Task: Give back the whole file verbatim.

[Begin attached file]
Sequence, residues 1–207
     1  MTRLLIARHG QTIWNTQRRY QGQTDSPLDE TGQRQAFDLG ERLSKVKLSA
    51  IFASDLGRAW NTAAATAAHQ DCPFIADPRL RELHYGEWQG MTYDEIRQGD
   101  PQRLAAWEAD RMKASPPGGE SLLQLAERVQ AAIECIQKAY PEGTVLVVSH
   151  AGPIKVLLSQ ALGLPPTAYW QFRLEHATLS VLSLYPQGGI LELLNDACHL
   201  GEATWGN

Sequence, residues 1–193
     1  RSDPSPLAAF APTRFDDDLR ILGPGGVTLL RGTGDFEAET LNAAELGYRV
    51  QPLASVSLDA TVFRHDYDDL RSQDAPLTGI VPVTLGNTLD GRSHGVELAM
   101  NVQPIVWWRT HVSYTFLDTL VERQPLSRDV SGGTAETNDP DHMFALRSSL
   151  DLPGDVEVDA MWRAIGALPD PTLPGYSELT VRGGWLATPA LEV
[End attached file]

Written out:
Sequence, residues 1–207
     1  MTRLLIARHG QTIWNTQRRY QGQTDSPLDE TGQRQAFDLG ERLSKVKLSA
    51  IFASDLGRAW NTAAATAAHQ DCPFIADPRL RELHYGEWQG MTYDEIRQGD
   101  PQRLAAWEAD RMKASPPGGE SLLQLAERVQ AAIECIQKAY PEGTVLVVSH
   151  AGPIKVLLSQ ALGLPPTAYW QFRLEHATLS VLSLYPQGGI LELLNDACHL
   201  GEATWGN

Sequence, residues 1–193
     1  RSDPSPLAAF APTRFDDDLR ILGPGGVTLL RGTGDFEAET LNAAELGYRV
    51  QPLASVSLDA TVFRHDYDDL RSQDAPLTGI VPVTLGNTLD GRSHGVELAM
   101  NVQPIVWWRT HVSYTFLDTL VERQPLSRDV SGGTAETNDP DHMFALRSSL
   151  DLPGDVEVDA MWRAIGALPD PTLPGYSELT VRGGWLATPA LEV